Iran nuclear
File photo of Iranian workers standing in front of Bushehr nuclear power plant. Image Credit: Reuters

Iran is seeking the closure of the UN nuclear agency’s investigation of its nuclear activities among other guarantees, in order to revive the country’s 2015 nuclear deal with world powers, a senior Iranian official said on Monday.

“An end to the agency’s probes is part of the guarantees that we are seeking to have a sustainable and durable nuclear agreement,” Iranian foreign ministry spokesperson Nasser Kanani told a televised news conference.

Iran’s demand risks hurting the chances of saving the deal because Washington has rejected linking it to the agency’s investigation.

After months of indirect talks between Tehran and Washington, the nuclear deal appeared near revival in March. But negotiations broke down over several issues, including Tehran’s insistence that the International Atomic Energy Agency (IAEA) close its probes into uranium traces found at three undeclared sites before the nuclear pact is revived.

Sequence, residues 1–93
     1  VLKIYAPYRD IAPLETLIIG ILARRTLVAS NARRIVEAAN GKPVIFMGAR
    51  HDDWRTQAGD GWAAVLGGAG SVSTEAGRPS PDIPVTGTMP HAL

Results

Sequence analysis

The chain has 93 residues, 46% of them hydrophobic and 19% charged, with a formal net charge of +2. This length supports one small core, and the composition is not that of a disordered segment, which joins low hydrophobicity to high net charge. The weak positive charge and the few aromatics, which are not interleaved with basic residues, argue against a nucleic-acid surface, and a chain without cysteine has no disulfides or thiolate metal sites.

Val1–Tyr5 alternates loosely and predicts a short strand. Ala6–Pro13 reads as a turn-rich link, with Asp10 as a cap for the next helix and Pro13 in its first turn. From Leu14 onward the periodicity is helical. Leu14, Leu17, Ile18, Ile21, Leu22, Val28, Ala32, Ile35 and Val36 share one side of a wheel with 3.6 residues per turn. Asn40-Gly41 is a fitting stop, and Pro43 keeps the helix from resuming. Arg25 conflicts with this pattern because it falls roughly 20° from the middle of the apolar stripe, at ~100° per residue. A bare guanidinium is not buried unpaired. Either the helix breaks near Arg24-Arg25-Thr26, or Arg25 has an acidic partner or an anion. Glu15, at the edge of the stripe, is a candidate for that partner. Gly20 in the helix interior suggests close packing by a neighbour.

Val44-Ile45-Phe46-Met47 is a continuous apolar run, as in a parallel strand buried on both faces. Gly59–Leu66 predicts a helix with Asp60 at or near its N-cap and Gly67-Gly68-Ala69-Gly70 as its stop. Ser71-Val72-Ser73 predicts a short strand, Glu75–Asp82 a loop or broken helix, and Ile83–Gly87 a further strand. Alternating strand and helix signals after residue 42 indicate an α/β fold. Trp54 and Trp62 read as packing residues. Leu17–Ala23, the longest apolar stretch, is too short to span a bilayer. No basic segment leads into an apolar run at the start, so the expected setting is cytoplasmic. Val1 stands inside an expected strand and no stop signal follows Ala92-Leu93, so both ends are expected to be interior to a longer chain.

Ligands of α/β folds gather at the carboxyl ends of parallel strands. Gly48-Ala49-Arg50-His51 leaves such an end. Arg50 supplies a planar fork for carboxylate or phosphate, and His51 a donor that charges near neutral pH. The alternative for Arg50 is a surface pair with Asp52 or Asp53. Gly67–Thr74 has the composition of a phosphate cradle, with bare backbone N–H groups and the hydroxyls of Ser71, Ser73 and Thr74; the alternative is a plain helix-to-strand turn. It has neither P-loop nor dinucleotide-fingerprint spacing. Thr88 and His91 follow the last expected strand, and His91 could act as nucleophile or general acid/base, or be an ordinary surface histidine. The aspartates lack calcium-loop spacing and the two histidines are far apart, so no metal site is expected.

Iran has not received the United States’ official response to its last proposal on the revival of the 2015 nuclear deal, Kanani said.

“Iran is waiting to receive the response from other parties, notably that of the American government,” he said.

His remarks come after the United States last Thursday said Tehran’s latest response on reviving the 2015 accord was “not constructive”.

“We can confirm that we have received Iran’s response through the EU,” State Department spokesman Vedant Patel said late Thursday in Washington. “We are studying it and will respond through the EU, but unfortunately it is not constructive.”

Kanani said on Monday that Tehran had “never received a response... saying that its position was not constructive”.

He characterised Iran’s response as “constructive, clear and legal”.

“Iran is trying to cancel sanctions to economically benefit the Iranian nation and this is one of its top priorities,” Kanani said.

The European Union put forward on August 8 what it called a final text to restore the 2015 nuclear accord, which was abandoned by former US president Donald Trump in 2018.

Talks to revive the 2015 accord known as the Joint Comprehensive Plan of Action have been ongoing in Vienna since April 2021.

The deal granted Iran much-needed sanctions relief in return for curbs on its nuclear programme to prevent it from acquiting a nuclear weapon, a goal that Tehran has denied pursuing.